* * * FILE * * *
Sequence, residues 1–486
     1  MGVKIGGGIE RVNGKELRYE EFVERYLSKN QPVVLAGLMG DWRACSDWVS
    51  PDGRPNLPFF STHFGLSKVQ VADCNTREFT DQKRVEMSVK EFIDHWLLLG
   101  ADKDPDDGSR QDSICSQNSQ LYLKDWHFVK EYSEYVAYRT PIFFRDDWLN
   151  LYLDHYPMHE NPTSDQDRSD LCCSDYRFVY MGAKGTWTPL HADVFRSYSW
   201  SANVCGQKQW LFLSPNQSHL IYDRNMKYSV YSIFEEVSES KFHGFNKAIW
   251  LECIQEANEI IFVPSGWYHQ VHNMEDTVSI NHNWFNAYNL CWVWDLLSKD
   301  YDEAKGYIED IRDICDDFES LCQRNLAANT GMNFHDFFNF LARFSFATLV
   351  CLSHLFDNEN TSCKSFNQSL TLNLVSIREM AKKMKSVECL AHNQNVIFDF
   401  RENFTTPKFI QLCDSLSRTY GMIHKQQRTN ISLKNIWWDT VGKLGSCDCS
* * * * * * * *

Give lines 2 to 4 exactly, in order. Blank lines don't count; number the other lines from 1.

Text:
     1  MGVKIGGGIE RVNGKELRYE EFVERYLSKN QPVVLAGLMG DWRACSDWVS
    51  PDGRPNLPFF STHFGLSKVQ VADCNTREFT DQKRVEMSVK EFIDHWLLLG
   101  ADKDPDDGSR QDSICSQNSQ LYLKDWHFVK EYSEYVAYRT PIFFRDDWLN